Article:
Activist and attorney Mike Connolly declared his candidacy for City Council on Thursday – his second run for public office after opting out of a council bid two years ago and coming in second in a challenge to Tim Toomey for his 26th Middlesex District seat.
It’s not quite hell freezing over, but city councillor Craig Kelley has hired a legislative aide, saying he sees “much more potential for me to do good things in the city if I have someone I can work closely and consistently with on the city’s issues.”
Midway through the month when City Council and School Committee candidates can pick up their nomination papers and must file them, election commissioners certified signatures from a dozen council hopefuls and eight potential committee members.
More than 100 tenants from a single apartment building have been plunged into the tight Cambridge housing market on short notice, bringing outrage from city councillors and new awareness of the vulnerability of residents who aren’t able to buy their homes.
It was Hugh Russell, a 26-year member of the Planning Board, who discussed the $2 million cost of a master plan in terms of the dollars put into development each year in Cambridge, saying it “seems like a reasonable investment to get things right.”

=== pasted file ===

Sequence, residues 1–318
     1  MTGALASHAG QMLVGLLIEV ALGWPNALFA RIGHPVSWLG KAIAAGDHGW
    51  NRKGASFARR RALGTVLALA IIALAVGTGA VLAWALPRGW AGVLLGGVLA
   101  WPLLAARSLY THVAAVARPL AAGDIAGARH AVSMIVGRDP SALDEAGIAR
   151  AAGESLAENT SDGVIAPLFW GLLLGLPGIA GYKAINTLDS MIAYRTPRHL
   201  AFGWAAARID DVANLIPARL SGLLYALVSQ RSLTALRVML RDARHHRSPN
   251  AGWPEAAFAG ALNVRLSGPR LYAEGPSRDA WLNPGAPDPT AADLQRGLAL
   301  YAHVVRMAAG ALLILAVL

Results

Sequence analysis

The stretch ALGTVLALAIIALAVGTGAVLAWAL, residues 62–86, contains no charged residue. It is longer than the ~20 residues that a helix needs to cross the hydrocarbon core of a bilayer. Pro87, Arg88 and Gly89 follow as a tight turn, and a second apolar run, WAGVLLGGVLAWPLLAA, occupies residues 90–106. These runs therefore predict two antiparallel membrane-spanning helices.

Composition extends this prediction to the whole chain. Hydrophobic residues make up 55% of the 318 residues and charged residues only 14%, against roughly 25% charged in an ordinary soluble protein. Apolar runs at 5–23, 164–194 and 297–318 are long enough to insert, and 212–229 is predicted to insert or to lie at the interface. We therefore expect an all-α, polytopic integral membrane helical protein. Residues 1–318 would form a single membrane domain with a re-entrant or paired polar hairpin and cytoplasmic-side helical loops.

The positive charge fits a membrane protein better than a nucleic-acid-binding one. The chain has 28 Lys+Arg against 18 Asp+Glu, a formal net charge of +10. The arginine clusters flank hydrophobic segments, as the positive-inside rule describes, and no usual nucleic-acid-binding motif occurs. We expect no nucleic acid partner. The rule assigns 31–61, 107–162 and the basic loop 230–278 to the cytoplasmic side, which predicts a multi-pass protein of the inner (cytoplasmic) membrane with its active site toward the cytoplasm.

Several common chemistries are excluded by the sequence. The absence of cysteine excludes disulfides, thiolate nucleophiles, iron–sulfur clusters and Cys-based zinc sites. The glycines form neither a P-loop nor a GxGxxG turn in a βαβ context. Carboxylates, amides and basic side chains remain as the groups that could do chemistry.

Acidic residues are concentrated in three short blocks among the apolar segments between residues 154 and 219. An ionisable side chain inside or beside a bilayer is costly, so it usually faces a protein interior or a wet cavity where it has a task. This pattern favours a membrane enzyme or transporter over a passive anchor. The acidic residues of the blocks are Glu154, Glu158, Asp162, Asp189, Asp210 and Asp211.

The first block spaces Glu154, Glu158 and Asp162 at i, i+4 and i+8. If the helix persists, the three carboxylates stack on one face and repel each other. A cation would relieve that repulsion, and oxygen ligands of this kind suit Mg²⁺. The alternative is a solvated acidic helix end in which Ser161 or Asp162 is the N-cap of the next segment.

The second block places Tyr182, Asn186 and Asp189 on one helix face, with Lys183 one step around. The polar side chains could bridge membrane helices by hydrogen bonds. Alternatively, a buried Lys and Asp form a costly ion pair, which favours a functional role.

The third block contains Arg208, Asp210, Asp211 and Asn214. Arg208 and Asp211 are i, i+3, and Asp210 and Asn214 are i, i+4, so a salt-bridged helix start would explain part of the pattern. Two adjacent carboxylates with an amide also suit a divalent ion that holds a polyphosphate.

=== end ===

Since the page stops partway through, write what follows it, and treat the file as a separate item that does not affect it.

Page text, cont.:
The population increased to 109,964 in July 2014 and is on its way to a projected 118,625 in 2030, but a boom in housing construction seems likely to surpass a 2030 target a decade ahead of schedule.
In a series of appropriations votes, it was the $164 million schools budget embedded in a general fund budget item that drew the most comment and weakest approval, with only six of nine councillors voting in favor.
On Tuesday, the City Clerk’s Office began making the minutes of City Council meetings available online. Getting historical minutes online is in the works.
A report that Cambridge police have “sniper teams” is greeted with both dismay and gratitude, with less attention paid to confirmation that the city pays the bill for VIP visits.
Long-simmering anger at the owners of the decrepit Vail Court apartments boiled over Monday at a meeting where city councillors moved to shut down a commercial parking lot they called likely illegal and potentially dangerous.